This can be effected without evidence or trial or a right to an appeal in front of an objective party.
Not so. If a person is charged with a crime for violating such a code, (or refusing to leave when ordered under such a code) they could defend on the grounds that it is unreasonable, unauthorized, or violates that person's constitutional or statutory rights. Or, if a person has been ordered to leave, the person could comply and then seek an injunction forbidding future enforcement of the regulation. Such methods have been used in the past to challenge the lawfulness of administrative regulations.
The Colorado code CRS 24-90-109. Powers and duties of board of trustees says that:
(1) The board of trustees shall:
(a) Adopt such bylaws, rules, and regulations for its own guidance and policies for the governance of the library as it deems expedient. ...
(b) Have custody of all property of the library, including rooms or buildings constructed, leased, or set apart therefor;
(c) Employ a director and, upon the director's recommendation, employ such other employees as may be necessary. The duties of the director shall include, but not limited to:
(I) Implementing the policies adopted by the board of trustees pursuant to paragraph (a) of subsection (1) of this section;
(III) Performing all other acts necessary for the orderly and efficient management and control of the library.
This law seems to authorize libraries to adopt and enforce codes of conduct for persons using the library.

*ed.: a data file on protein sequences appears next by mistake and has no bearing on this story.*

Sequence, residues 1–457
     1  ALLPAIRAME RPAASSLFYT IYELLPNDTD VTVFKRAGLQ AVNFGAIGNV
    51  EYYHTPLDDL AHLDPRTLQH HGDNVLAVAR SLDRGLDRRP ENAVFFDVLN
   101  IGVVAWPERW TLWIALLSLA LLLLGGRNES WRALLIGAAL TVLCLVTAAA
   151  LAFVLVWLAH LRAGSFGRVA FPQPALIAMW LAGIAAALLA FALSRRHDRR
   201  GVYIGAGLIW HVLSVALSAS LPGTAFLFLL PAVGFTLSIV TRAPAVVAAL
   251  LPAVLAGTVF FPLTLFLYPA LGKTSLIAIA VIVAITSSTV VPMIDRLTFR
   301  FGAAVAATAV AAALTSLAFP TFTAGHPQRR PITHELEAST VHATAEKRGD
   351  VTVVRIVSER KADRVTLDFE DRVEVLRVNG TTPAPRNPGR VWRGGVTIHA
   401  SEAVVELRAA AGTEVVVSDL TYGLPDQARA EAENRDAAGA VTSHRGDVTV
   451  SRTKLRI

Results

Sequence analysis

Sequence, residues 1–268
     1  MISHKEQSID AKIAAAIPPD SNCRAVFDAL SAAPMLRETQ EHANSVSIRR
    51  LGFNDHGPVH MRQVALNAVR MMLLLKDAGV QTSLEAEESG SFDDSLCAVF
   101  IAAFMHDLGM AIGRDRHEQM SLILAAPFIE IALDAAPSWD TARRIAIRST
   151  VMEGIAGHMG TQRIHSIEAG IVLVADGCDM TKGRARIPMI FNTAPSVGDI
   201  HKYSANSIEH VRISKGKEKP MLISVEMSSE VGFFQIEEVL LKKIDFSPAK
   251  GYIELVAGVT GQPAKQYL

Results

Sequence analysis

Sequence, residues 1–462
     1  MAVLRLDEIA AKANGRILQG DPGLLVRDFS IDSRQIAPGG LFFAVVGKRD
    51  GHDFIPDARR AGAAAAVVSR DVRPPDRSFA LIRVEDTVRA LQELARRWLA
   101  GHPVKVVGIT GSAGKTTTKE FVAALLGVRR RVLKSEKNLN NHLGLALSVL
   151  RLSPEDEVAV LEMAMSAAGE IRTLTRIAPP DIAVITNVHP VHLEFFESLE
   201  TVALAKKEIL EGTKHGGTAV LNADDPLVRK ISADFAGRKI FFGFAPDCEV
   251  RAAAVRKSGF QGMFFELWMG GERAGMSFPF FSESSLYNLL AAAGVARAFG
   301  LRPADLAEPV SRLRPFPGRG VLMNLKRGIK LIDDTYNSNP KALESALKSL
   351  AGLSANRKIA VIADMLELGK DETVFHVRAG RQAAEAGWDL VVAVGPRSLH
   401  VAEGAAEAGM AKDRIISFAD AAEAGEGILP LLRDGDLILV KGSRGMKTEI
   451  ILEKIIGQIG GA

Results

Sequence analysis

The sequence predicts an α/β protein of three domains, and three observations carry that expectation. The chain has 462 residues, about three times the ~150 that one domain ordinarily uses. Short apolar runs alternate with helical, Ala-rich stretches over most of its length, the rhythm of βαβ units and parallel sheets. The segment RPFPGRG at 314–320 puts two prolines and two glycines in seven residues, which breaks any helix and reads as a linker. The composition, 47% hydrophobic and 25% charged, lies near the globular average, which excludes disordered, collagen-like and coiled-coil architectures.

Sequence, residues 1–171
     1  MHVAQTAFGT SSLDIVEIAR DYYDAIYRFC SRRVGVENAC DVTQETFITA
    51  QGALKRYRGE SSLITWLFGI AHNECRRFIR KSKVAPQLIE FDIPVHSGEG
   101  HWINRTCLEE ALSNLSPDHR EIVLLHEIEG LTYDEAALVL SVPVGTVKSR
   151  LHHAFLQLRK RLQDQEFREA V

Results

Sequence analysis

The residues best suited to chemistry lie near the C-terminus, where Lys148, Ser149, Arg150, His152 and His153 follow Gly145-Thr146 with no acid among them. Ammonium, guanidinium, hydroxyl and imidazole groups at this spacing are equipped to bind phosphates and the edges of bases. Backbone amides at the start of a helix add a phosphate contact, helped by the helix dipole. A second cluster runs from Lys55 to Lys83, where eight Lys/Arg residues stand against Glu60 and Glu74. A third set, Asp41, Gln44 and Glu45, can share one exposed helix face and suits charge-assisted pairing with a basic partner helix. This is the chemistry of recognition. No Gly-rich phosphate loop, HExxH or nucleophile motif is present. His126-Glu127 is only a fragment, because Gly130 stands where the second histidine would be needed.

This page from the CO State library development agency gives example policies that libraries are encouraged to model their policies on. In the section under "Library Use/Behavior" there are three example policies. All of these list various prohibited acts, which seem relatively reasonable to me. Two of the three include an explicit appeals process for serious violations.
You do not indicate what sort of behavior you have encaged in for which the library may wish to ban you.
In general, government facilities are allowed to make reasonable regulations for members of the public using those facilities, and it is not a violation of people's Constitutional rights to make and enforce such regulations. However, that depends highly on what the regulations are. A regulation limiting access by race would obviously be struck down. A regulation prohibiting shouting, even though it impacts speech, would be permitted as a content-neutral regulation of "time, place and manner". In short it would depend very much on the specific regulation, and what rights it is alleged to violate.